James Doohan, the actor known to millions as the original Star Trek’s Chief Engineer Scott, dies at the age of 85. A veteran TV and radio actor who also led Canadian troops during D-Day in World War II, he tried out a number of accents for what was originally a rather non-specific engineer character for Star Trek’s first season before settling on a Scottish accent; even after the series ended, his involvement with Star Trek continued, and he provided nearly every male voice outside of the show’s regular characters in the short-lived animated Star Trek series before reprising the role of Scotty in the first seven Star Trek films and a fan-favorite episode of Star Trek: The Next Generation. He was diagnosed with Alzheimer’s Disease last year, and made a farewell appearance at Star Trek convention a few months later, and received a star on the Hollywood Walk of Fame as well.
A day short of exactly 38 years since the capsule flew its suborbital flight and then sank as it took on water upon splashdown, Liberty Bell 7, the Mercury capsule flown by Gus Grissom in 1961, is raised from the floor of the Atlantic Ocean from a depth of almost 16,000 feet. The recovery, requiring specialized deep sea equipment, is bankrolled by the Discovery Channel, which gains exclusive broadcast rights to the event. The capsule itself is cleaned up, restored, and put on display at the Kansas Cosmosphere space museum in Hutchinson, Kansas.
The week-long national syndication window opens for the 17th episode of Babylon 5. Thanks in part to its mid-season debut, this is one of several episodes of Babylon 5 aired during the usually-ignored July ratings sweep, an unusual move for any series, syndicated or network.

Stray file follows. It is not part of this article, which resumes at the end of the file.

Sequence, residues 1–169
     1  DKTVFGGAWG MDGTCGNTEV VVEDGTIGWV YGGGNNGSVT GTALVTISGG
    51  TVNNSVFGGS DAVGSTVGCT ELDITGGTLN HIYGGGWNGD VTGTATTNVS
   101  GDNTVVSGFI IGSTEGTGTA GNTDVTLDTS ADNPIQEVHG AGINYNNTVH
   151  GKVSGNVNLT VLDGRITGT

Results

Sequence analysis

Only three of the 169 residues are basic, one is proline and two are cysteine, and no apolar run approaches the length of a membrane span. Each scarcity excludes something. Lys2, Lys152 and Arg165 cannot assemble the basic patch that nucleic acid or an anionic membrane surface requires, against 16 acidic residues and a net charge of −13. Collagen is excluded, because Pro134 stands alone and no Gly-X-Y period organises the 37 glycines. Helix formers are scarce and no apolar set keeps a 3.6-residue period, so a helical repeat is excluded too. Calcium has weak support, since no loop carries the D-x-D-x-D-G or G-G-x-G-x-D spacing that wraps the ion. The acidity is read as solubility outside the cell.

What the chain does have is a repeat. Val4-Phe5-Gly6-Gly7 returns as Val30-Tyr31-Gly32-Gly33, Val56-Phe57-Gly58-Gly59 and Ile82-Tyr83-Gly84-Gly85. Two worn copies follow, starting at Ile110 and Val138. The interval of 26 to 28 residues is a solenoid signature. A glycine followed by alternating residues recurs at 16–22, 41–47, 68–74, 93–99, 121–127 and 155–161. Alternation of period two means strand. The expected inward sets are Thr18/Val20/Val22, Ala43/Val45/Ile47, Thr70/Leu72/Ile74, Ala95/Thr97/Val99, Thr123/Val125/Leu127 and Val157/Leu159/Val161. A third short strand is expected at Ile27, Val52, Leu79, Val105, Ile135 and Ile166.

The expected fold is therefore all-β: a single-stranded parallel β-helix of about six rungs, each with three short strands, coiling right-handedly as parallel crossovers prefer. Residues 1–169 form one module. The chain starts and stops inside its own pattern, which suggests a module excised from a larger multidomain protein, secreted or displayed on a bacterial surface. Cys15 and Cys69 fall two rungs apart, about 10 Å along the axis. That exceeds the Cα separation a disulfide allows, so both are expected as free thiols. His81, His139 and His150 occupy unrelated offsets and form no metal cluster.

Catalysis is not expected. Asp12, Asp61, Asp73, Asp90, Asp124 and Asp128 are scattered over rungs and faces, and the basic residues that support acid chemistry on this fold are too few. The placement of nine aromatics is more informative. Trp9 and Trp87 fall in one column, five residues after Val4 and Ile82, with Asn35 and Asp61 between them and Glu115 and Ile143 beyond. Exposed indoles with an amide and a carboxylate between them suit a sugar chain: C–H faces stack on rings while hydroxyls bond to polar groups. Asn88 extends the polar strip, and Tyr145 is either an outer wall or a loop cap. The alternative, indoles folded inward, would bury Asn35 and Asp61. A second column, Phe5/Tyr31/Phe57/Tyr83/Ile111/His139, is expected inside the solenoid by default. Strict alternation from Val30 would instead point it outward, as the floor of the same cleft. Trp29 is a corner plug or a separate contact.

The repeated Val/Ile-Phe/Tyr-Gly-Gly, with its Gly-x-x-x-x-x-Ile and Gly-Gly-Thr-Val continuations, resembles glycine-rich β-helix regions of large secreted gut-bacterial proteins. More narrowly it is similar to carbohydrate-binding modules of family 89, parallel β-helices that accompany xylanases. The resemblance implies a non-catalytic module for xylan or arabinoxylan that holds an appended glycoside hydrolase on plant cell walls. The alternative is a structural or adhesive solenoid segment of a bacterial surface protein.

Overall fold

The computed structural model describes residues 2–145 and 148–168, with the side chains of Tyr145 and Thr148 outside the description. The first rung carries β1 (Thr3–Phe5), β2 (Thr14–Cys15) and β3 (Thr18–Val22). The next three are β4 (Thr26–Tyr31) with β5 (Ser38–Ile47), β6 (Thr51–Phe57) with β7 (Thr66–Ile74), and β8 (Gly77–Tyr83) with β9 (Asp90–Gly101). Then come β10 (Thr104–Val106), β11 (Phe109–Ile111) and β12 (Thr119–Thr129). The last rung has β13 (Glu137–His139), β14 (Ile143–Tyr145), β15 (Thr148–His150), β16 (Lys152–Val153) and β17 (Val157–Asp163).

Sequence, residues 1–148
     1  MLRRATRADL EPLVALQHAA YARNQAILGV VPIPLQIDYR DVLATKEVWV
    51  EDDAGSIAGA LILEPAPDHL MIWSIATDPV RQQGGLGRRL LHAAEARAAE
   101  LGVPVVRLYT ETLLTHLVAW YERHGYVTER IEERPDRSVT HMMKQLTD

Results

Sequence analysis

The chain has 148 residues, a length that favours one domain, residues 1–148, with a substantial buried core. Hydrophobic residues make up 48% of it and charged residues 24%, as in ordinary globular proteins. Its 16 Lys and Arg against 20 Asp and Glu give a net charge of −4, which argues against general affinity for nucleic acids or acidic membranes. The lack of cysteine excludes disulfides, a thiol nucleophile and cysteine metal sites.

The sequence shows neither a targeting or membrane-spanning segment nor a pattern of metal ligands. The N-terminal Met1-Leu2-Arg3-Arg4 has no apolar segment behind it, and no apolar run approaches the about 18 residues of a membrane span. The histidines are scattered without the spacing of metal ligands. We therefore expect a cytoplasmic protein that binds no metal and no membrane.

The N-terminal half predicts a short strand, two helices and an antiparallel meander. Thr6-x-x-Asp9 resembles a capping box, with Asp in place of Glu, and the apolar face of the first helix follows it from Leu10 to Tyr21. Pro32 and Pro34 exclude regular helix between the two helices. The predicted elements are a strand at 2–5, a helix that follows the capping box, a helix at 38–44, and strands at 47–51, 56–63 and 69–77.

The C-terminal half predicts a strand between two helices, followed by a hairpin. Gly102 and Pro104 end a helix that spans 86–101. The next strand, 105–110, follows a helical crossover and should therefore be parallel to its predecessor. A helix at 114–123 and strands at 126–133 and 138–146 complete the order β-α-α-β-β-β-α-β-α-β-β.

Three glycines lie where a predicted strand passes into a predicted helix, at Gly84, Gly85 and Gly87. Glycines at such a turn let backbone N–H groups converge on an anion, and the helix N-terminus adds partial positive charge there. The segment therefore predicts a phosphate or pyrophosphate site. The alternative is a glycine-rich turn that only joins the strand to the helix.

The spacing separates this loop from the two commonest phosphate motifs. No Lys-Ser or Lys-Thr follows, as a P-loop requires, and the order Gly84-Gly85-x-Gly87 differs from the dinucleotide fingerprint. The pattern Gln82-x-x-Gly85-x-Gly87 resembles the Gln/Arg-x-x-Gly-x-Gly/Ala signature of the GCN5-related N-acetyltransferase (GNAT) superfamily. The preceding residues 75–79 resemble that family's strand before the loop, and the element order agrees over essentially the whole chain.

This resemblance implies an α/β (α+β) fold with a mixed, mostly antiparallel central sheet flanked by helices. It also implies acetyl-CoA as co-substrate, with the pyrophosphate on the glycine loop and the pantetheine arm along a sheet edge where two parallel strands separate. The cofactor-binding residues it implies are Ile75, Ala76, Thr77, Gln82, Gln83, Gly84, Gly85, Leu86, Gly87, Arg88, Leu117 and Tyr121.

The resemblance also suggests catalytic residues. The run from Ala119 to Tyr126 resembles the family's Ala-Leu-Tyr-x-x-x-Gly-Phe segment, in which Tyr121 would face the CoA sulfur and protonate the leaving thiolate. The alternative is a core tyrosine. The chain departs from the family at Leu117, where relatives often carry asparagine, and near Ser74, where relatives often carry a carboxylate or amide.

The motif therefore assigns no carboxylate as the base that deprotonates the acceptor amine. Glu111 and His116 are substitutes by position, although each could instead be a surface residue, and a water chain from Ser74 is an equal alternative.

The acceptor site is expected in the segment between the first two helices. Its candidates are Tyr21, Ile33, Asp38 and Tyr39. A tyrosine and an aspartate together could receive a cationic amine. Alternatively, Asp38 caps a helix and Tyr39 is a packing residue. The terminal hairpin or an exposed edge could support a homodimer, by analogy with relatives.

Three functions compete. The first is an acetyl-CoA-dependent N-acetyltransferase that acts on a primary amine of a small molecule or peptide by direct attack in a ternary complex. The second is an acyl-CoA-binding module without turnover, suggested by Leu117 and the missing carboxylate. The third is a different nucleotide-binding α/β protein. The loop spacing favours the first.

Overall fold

The third episode of Chris Boucher’s futuristic police drama Star Cops, Intelligent Listening For Beginners, premieres on the BBC.
The sixth episode of The Black Adder airs on the BBC, starring Rowan Atkinson. This concludes the first series of Blackadder, though it will be some time (and a fair amount of reworking the show’s basic premise) before it returns.
Viking 1 makes a soft landing on Mars, the first spacecraft to do so intact (the Soviet space program had been attempting to put landers on Mars, some of them including rudimentary rovers, since 1962). It successfully transmits the first picture from the Martian surface back to Earth within seconds, and successfully gathers soil samples for analysis. Viking 1’s orbiter mothership will later shut down in 1980, but the lander itself functions until 1982. Viking 1’s landing takes place on the seventh anniversary of the first manned moon landing.
The Apollo 11 lunar module touches down in the Sea of Tranquility, a flat plain on the moon. Astronaut Neil Armstrong is the first human being to set foot on another body in the solar system, followed by “Buzz” Aldrin; the two spend roughly two and a half hours on the moon and gather nearly 50 pounds of samples of lunar soil and rock. This feat effectively ends the Cold War space race, though both the United States and the Soviet Union continue their lunar efforts: more Apollo missions are still on the schedule, and the Soviet continue trying to mount a successful launch of their giant N1 rocket.